• It’s a shame that the mercedes ad overshadows the most ignorant thing on this page: the Hub and Spokes link.

  • Actually, I may have misspoken. I watched the second part. Was that three references to “doesn’t follow any traffic rules”? I don’t know if that tops that bad acting though.

  • almost seems like an acknowledgement by mercedes that the bike is superior and trying to capture some of the panache.

    actually, quite encouraging since kind of makes clear what is required to make bicycle and derivative transportation suitable as a welcome replacement for cars: comfort, practicality, ease-of-use and high accessibility

    that messenger wouldn’t have to do all those hectic gyrations dodging in-and-out of cars if the city is made more conducive to cycling which is being done.

    don’t really have to go that fast to be faster than other ways

    comfort can be improved with clothing and vehicle on-demand enclosures

    ease-of-use can be improved along with simple mechanical vehicle controls such as rails and guideways to move hands-free and in massive numbers when required.

    and, of course there’s always music on an iPod or cell; even places to hold a cup.

  • NattyB

    If you want to beat the car, just taking the hudson greenway. I’ve made it to the BK Bridge from there in 35 minutes before.

  • #29 NattyB, “just taking the hudson greenway”

    Yes, have done this several times to essentially the same location and opted to bike across the Brooklyn Bridge and West Side Greenway instead of getting a free ride there by car using over the FDR Drive.

    Cycling is nicer.

  • flp

    @mitch (#20), grant’s tomb actually is in harlem. its just that columbia u and the real estate industry have white washed morningside heights to disconnect it as much from its origins as possible. in a sense the same is happening with manhattanville which, contrary to what the CU board wants everyone to believe, is really west harlem a vital component of harlem and not just some long abandoned or forgotten neighborhood.

  • Andrew

    Morningside Heights isn’t Harlem, and I don’t think it’s ever been considered Harlem. Harlem is to its east and north.

  • flp

    time was when culturally speaking, almost everything north of 96th street was considered harlem – up to 155th at least.

ALSO ON STREETSBLOG

John Liu: Cyclists Need Helmets, But Not Bike Lanes

|
What does John Liu think of bikes in NYC? That’s hard to say, and it’s not clear that Liu knows either. On the day when thousands signed up for the city’s bike-share program, exceeding expectations and setting the stage for a major shift in the way many New Yorkers get around, Liu chose to engage […]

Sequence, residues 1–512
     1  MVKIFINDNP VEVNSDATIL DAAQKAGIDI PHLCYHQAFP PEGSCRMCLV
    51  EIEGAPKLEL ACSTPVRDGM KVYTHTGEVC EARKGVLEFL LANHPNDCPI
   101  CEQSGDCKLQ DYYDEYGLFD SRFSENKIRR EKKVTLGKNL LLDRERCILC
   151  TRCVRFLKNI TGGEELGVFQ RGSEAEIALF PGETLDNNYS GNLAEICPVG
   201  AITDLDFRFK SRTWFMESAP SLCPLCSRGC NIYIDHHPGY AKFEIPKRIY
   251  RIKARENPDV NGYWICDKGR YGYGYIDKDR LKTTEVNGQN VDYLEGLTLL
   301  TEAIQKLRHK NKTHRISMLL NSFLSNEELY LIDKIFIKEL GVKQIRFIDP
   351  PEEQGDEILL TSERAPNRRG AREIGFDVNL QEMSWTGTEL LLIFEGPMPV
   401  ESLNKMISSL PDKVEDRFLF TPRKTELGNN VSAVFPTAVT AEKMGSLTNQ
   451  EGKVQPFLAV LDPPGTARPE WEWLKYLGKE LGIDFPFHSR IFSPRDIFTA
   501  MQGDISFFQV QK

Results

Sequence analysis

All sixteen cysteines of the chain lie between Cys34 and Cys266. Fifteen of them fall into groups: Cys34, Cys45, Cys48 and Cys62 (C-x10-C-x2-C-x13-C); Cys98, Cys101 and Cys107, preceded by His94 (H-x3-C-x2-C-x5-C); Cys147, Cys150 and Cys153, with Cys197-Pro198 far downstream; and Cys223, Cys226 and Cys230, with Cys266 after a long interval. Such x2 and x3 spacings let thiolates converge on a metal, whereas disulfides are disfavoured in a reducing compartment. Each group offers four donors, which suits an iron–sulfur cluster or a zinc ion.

An NYC First: On-Street Parking Spaces Replaced by Bike Racks

|
The new bike racks have been installed at the Bedford Avenue L subway station in Williamsburg, Brooklyn. As the Dept. of Transportation announces in today’s press release, "The facility marks the first time car parking spaces have been removed to accommodate bicycle parking in New York City." DOT extended a 76-foot section of the sidewalk […]

Today’s Headlines

|
Bike-Share Headlines: Bike-Share Debuts, Giving New Yorkers a New Transit Option (NYT, AP, WSJ, News) In First Six Hours, Bike-Share Logged 6,050 Trips, 13,768 Miles, And Totaled 16,463 Members (Citi Bike) Daily News Reporter (No, Not That One) Loves Citi Bike, Cuts His Commute Time by More Than Half Times Reporters Test Bike-Share and Find It’s Competitive With […]

Legacy of Downtown Brooklyn Traffic Calming Advocates Continues

|
A bit more background on the generous neckdown at Smith and Bergen spotlighted earlier today: This pedestrian amenity never would have been built without the long-term organizing for the Downtown Brooklyn Traffic Calming Project. Street protests and advocacy campaigns stretching back more than a dozen years are bearing fruit now. And advocates are still on […]

Markowitz Speaks Against Safer Streets in State of the Borough

|
Earlier this week, friends and family members of traffic violence victims wrote to Brooklyn Borough President Marty Markowitz, asking him to stop standing in the way of street improvements to make walking and biking safer. They had lost loved ones and seen lives disrupted by crashes that could have been prevented by better street design. […]